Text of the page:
Hundreds of thousands more babies could be born outside hospital each year under new NHS guidelines for England and Wales.
The National Institute for Health and Care Excellence (NICE) said home births and midwife-led centres were better for mothers and often as safe for babies.
The advisory body said it was important to offer women the options.
The Royal College of Midwives said more midwife-led units were needed to offer all mothers-to-be this range of choice.
About 700,000 babies are born each year in England and Wales, nine out of 10 in doctor-led obstetric units in hospital.
However, the new guidelines state 45% of women are at extremely low risk of complications and may be better off giving birth elsewhere.
NICE specifically advises England and Wales, but its recommendations are often picked up by Scotland and Northern Ireland.
It said women should be offered the choice of a home birth, an obstetric unit in hospital, a midwifery unit next to a hospital or a midwifery unit in the community.
In all circumstances there should be one midwife per woman in labour, it added.
For those having their first child, the number giving birth with no medical interventions was higher for home births and in midwife-led units than in hospital.
But there was a higher risk of serious medical problems for the baby, including stillbirth, for home births.
In women who already had at least one child, again there were fewer medical interventions outside hospital.
And there was no difference in the number of medical problems in the baby between the different settings:
It is not entirely clear why there are high rates of interventions in hospital.
It is thought to be a combination of women being more comfortable in a familiar environment and with midwives they have met before. There is also concern some doctors might be too keen to use clinical interventions.
Costs by planned location of birth
- Home - £1,066
- Freestanding midwifery unit - £1,435
- Alongside midwifery unit - £1,461
- Obstetric units - £1,631
Susan Bewley, professor of complex obstetrics at King's College London and part of the team that developed the guidelines, said: "Midwifery-led settings have better outcomes for mothers than the traditional obstetric units and labour wards.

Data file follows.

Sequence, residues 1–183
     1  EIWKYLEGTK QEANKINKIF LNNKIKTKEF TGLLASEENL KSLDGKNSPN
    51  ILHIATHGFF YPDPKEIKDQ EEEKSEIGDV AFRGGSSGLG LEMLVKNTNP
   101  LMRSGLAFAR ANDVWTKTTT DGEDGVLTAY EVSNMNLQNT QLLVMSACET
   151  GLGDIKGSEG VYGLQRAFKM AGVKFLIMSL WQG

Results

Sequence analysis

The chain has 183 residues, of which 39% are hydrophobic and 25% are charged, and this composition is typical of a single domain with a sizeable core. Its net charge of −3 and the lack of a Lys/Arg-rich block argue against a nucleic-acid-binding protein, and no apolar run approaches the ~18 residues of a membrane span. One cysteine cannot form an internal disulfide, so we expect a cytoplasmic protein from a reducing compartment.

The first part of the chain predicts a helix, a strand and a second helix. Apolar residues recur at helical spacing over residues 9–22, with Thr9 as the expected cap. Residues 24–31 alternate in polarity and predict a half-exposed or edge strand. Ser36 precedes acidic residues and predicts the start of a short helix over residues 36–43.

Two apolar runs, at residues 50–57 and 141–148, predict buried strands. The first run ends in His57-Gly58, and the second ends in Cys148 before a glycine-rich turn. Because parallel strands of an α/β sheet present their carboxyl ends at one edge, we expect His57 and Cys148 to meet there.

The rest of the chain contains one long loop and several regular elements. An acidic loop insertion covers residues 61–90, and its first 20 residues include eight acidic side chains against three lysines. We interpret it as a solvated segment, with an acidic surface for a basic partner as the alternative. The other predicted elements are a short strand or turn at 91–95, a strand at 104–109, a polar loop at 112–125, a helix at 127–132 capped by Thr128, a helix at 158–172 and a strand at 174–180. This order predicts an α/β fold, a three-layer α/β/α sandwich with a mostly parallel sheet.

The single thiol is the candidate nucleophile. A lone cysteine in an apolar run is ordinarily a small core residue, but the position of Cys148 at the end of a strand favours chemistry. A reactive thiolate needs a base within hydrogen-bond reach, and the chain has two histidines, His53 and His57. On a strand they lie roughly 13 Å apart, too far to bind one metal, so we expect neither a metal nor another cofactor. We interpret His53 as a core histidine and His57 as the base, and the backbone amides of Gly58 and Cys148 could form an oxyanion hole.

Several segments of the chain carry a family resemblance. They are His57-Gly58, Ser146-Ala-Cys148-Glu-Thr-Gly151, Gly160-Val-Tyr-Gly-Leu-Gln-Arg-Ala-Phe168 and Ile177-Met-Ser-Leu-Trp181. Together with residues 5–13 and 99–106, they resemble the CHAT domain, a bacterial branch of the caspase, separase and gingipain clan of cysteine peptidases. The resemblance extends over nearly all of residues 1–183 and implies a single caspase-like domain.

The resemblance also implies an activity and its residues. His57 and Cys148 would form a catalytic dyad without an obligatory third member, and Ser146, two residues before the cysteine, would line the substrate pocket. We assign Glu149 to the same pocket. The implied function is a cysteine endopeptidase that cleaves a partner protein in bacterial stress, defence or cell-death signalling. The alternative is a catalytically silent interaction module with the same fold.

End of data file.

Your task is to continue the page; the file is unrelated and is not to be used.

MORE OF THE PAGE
"They may be particularly suitable for all women because the rates of intervention are lower."
However, she stressed the emphasis was on choice.
"There isn't a one-size-fits-all model for all women and that's why a range of settings providing different support for women with different needs gives you better safety overall," she added.
The guidelines apply only to women at low risk of complications - factors that raise the risk include:
- Being over 35
- High blood pressure or heart disease
- Foetal abnormalities
Cathy Warwick, chief executive of the Royal College of Midwives, told the BBC News website that she welcomed the guidelines - as do the Royal College of Obstetricians and Gynaecologists.
She said: "The evidence shows that if women don't have any complications in their pregnancies they'll have better outcomes if they are able to make these choices."
She said there would have to be significant changes in the way the NHS provided maternity care.
There are about 80 midwife-led units based on hospital sites and a further 60 located elsewhere.
"What the NHS needs to do is provide the facilities outside of hospitals that will allow about 45% of women expecting babies to plan their birth in different facilities," she added.
"We need more midwifery-led units, then we may find that we don't need so many obstetric units."
But Lucy Jolin of the Birth Trauma Association told BBC Radio 4's Today programme it was not always safe for women to give birth outside hospital.
She said: "Things can go wrong very easily and we do feel this advice could be dangerous."